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Portland, Oregon 97239

  • Depression


Depression is common in primary care settings, and associated with substantial physical and psychosocial impairment and increased healthcare utilization. Despite efforts to educate primary care providers, depression is often undetected or undertreated in primary care settings. The main objective of this study was to determine the impact of a low-intensity, care management intervention on depression treatment outcomes of patients in a VA primary care setting.

Study summary:

OBJECTIVE(S): The primary objective of the study was to determine the impact of a low-intensity, care management intervention on depression treatment outcomes of patients in a VA primary care setting. Secondary objectives were to determine the extent to which primary care clinicians adhere to major depression treatment guidelines, the extent to which the intervention impacts healthcare utilization, and to examine the impact of provider and patient covariates (including pain and adherence) on depression treatment response PLAN: Randomized controlled trial. METHODS: All clinicians first participated in the MacArthur Depression Education Program (DEP). After stratification by discipline and site, clinicians were randomized to receive the Depression Decision Support (DDS) intervention versus usual care (which included an on-site mental health team). Patients were nested within clinician intervention status. DDS intervention clinicians received serial reports of depression severity scores and other clinical data for their enrolled patients. The DDS care manager made one telephone contact with each intervention patient, and invited patients to attend a depression group education session. The DDS team monitored patient depression severity over time, and targeted additional time and effort towards patients not showing improvement. Additional DDS intervention included making further recommendations to primary care clinicians, and in some cases, a one-time consultation with the DDS psychiatrist. Potential subjects were identified from lists of patients due for appointments with primary care clinicians, and were contacted for telephone screening. Patients were enrolled if they had Patient Health Questionnaire (PHQ-9) scores >10 or a Hopkins Symptom Checklist (SCL-20) score of > 1.0 at a subsequent in-person interview. There were no restrictions by age or sex. Patients were excluded if they had psychotic symptoms, dementia, serious suicidal ideation, very severe depression (PHQ-9 >25), or had been treated by mental health clinicians within the previous six months. The intervention lasted 12 months. Depression symptom severity (SCL-20) and health related quality of life (SF-36V) at 6 and 12-months were primary outcomes. Primary analyses employed mixed-model repeated measure analyses of covariance, which include a random effect for clinician and fixed effects for time and intervention status. FINDINGS TO DATE: Five Portland VA clinic sites and 41 clinicians participated. 3,103 patients were screened, and 402 patients were enrolled. Three hundred seventy-five met final eligibility criteria. There were no adverse events. SCL-20 scores improved in both groups over 12 months (slope: -.382; 95% CI -.488, -.276), but there was no effect of the intervention on SCL-20 or Short Form-36V compared to usual care. There was greater initial improvement in PHQ-9 for intervention patients (p=.030); however, this effect diminished over time. At 12 months, intervention patients reported greater satisfaction (p=.002), and were more likely to have received antidepressants. To date, 10 manuscripts supported by the project have been published. One manuscript examining associations between stressful live events and depression outcomes has been submitted for publication.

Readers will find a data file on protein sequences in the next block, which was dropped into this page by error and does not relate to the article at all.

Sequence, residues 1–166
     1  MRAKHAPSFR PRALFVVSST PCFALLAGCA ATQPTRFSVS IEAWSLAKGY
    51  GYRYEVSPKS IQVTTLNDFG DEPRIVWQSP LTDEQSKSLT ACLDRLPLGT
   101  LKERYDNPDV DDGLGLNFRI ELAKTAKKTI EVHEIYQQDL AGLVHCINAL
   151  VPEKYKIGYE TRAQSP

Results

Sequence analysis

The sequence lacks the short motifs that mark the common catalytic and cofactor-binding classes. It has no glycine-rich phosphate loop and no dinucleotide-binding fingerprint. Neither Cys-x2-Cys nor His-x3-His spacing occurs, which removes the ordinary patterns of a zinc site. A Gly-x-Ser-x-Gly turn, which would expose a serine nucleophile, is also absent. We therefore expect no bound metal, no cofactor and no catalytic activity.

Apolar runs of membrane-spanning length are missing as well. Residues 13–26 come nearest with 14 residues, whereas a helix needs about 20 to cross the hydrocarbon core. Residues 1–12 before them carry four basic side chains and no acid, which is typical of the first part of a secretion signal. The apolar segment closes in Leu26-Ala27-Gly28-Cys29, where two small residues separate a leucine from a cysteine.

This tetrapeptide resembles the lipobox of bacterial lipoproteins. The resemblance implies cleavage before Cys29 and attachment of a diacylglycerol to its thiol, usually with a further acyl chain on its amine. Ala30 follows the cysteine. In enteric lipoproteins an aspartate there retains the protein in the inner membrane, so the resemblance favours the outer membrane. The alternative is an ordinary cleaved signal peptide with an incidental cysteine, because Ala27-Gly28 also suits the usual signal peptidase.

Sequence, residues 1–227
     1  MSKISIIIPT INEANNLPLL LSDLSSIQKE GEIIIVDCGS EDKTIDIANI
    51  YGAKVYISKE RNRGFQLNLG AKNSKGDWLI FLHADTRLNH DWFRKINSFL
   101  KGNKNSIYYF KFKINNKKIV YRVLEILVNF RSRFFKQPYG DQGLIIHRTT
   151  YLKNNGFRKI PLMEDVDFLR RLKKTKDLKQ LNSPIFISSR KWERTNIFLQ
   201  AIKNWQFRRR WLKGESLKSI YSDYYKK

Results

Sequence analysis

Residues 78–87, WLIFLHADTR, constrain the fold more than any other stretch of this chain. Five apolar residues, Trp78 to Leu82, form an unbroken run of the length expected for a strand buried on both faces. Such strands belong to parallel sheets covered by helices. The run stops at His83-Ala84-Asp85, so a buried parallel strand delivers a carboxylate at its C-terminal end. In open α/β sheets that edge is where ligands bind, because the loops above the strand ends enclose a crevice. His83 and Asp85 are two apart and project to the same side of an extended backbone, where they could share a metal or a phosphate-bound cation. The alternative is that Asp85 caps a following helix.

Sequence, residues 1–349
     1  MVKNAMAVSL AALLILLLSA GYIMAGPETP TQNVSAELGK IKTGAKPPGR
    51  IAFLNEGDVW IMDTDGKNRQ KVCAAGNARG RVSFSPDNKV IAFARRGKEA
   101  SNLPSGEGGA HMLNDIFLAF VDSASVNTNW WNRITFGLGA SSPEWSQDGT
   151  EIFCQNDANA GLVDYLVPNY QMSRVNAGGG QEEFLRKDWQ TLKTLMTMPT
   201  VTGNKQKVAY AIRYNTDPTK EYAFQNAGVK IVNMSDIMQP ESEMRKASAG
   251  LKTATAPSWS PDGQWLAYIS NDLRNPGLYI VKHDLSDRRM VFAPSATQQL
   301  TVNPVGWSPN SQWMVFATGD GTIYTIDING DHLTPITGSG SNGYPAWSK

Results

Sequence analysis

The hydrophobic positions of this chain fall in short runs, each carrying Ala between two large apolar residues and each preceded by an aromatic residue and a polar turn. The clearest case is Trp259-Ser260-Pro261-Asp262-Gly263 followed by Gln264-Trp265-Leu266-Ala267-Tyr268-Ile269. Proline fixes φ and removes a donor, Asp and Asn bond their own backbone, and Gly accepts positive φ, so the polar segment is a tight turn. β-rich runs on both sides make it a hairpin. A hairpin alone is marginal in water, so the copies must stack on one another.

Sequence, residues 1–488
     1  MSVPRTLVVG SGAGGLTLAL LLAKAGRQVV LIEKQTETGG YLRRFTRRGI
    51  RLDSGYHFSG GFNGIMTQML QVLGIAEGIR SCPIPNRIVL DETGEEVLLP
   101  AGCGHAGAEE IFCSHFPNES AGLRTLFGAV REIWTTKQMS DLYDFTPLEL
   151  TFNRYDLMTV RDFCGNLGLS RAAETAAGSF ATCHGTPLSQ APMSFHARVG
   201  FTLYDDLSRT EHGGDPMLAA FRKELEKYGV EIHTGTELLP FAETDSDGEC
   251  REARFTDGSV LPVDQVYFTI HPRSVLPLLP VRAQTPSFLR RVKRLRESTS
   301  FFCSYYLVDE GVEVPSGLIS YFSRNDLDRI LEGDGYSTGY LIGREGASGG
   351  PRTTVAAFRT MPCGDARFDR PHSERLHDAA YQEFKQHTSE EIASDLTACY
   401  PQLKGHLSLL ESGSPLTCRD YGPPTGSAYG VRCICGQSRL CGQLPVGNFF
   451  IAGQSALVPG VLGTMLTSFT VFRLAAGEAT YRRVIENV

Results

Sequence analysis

Inclusion Criteria: Primary care patients of eligible providers with depression (Patient Health Questionnaire [PHQ-9] depression scores of 10 to 25 or Hopkins Symptom Checklist-20 [SCL-20] scores >= 1.0) Exclusion Criteria: Patients who had received treatment from mental health specialists within the previous 6 months; who had received a diagnosis of psychotic disorder, dementia, or bipolar disorder; or who were considered to be terminally ill



Primary Contact:

Principal Investigator
Steven K. Dobscha, MD
VA Portland Health Care System, Portland, OR

Backup Contact:


Location Contact:

Portland, Oregon 97239
United States

There is no listed contact information for this specific location.

Site Status: N/A

Data Source:

Date Processed: March 30, 2020

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